In conclusion, this trial will provide new and relatively high quality evidence in acupuncture treatment for CSAP. Moreover, this trial may further validate the meridian-based characteristics of acupoint specificity by comparing the strength of acupoints on disease-the affected meridian versus that of a non-affected meridian, to further inspire optimization of acupuncture therapy for CSAP.

Trial status

The trial is currently recruiting patients.



disease-affected meridian


adverse events


non-affected meridian


chronic stable angina pectoris


full analysis set


intention-to-treat population




per-protocol set


randomized controlled trial


serious adverse events


Seattle Angina Questionnaire


self-rating anxiety scale


self-rating depression scale


short message service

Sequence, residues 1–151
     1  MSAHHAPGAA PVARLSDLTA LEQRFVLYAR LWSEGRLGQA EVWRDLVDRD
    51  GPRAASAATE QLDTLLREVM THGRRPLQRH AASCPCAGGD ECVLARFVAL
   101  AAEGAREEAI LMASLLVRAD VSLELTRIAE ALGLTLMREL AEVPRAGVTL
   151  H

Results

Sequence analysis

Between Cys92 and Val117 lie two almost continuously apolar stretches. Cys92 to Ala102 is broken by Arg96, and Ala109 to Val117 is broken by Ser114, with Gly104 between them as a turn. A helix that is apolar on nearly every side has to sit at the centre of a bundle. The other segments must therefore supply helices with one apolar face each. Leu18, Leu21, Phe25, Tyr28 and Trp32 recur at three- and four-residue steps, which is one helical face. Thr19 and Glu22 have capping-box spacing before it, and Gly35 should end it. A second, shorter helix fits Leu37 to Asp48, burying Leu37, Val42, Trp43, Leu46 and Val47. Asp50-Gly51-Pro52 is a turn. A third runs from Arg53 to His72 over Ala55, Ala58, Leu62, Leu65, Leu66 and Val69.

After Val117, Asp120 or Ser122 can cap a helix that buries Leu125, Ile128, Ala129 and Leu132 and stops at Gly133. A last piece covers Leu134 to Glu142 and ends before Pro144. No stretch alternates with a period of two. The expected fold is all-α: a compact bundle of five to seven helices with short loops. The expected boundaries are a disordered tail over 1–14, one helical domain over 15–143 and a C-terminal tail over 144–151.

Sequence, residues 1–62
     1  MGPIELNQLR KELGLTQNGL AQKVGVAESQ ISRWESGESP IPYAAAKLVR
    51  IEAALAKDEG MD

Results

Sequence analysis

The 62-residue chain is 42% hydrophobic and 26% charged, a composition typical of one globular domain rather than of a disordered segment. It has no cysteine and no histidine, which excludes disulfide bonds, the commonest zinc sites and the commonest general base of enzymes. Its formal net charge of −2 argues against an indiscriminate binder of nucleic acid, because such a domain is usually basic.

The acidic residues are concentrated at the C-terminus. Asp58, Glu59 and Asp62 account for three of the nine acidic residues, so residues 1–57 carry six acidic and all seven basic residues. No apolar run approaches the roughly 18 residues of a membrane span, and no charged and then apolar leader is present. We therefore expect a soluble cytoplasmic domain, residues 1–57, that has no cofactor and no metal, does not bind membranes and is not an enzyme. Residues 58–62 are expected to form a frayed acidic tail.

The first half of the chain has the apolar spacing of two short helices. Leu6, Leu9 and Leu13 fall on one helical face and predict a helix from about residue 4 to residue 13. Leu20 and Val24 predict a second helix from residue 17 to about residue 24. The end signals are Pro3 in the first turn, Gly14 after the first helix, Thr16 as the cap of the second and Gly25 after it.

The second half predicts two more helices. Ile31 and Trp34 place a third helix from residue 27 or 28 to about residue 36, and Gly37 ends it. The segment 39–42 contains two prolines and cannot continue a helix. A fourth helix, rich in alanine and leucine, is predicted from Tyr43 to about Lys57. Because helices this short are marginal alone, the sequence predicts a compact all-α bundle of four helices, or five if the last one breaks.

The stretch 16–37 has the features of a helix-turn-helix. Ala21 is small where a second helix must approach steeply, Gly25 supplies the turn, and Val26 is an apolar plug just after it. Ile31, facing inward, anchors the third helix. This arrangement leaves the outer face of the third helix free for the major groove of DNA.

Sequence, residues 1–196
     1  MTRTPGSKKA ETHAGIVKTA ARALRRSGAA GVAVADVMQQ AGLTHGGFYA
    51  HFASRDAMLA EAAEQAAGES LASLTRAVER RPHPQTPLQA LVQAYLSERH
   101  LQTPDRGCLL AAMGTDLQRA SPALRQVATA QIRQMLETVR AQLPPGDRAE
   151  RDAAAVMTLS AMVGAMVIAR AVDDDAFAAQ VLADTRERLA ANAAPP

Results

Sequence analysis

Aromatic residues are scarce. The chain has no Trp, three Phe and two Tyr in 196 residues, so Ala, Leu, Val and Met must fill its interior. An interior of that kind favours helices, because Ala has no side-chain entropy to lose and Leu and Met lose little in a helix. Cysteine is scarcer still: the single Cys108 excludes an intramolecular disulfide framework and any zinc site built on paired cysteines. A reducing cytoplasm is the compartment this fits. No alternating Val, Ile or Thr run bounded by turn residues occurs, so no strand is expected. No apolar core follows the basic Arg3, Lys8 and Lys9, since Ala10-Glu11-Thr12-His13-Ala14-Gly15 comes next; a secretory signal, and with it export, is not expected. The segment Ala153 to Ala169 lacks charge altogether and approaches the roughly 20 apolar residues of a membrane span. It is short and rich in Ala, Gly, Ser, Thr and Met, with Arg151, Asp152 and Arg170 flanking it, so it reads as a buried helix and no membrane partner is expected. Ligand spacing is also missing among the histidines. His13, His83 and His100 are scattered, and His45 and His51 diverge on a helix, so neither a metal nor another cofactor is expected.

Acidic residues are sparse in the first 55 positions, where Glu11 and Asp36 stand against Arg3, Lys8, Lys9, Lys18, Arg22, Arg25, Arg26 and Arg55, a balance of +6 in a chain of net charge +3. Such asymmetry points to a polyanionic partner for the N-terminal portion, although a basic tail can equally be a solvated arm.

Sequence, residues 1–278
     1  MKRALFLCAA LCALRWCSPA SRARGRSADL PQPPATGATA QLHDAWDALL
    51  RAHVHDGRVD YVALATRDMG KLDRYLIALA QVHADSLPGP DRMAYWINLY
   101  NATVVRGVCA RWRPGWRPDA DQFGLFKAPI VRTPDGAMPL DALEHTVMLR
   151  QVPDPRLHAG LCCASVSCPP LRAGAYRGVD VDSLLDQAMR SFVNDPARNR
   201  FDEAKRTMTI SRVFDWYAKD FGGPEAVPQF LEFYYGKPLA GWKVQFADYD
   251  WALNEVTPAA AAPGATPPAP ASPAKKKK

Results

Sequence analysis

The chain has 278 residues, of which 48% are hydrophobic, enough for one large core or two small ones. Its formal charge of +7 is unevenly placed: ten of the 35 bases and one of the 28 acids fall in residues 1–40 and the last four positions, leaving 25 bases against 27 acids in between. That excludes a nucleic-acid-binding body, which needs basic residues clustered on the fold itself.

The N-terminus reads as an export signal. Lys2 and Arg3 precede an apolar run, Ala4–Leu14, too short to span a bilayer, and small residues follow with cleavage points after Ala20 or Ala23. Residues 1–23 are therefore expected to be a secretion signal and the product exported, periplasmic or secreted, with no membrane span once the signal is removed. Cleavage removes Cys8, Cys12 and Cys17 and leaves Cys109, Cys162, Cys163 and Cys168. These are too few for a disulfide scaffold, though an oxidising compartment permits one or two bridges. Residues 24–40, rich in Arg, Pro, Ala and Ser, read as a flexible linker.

traditional Chinese medicine




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We thank Brightech-Magnsoft Data Services, for their cooperation and technological support of central randomization and conceiving the protocol of statistical analysis. We acknowledge Chengdu Chronic Disease Hospital, teaching hospital of Ningxia Medical University, General Hospital of Chengdu Military Region of PLA, Cardiovascular Department of First Affiliated Hospital of Chengdu University of Traditional Chinese Medicine for their full support in treatment facilities, recruiting and treating patients as well as medical advices. We also appreciate the help and efforts for all research staffs participating in this trial.

Financial support

This trial was supported financially by the National Key Development Program for Basic Research of China (973 Program), with grant No. 2012CB518501.

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Corresponding author

Correspondence to Fanrong Liang.

Additional information

Competing interests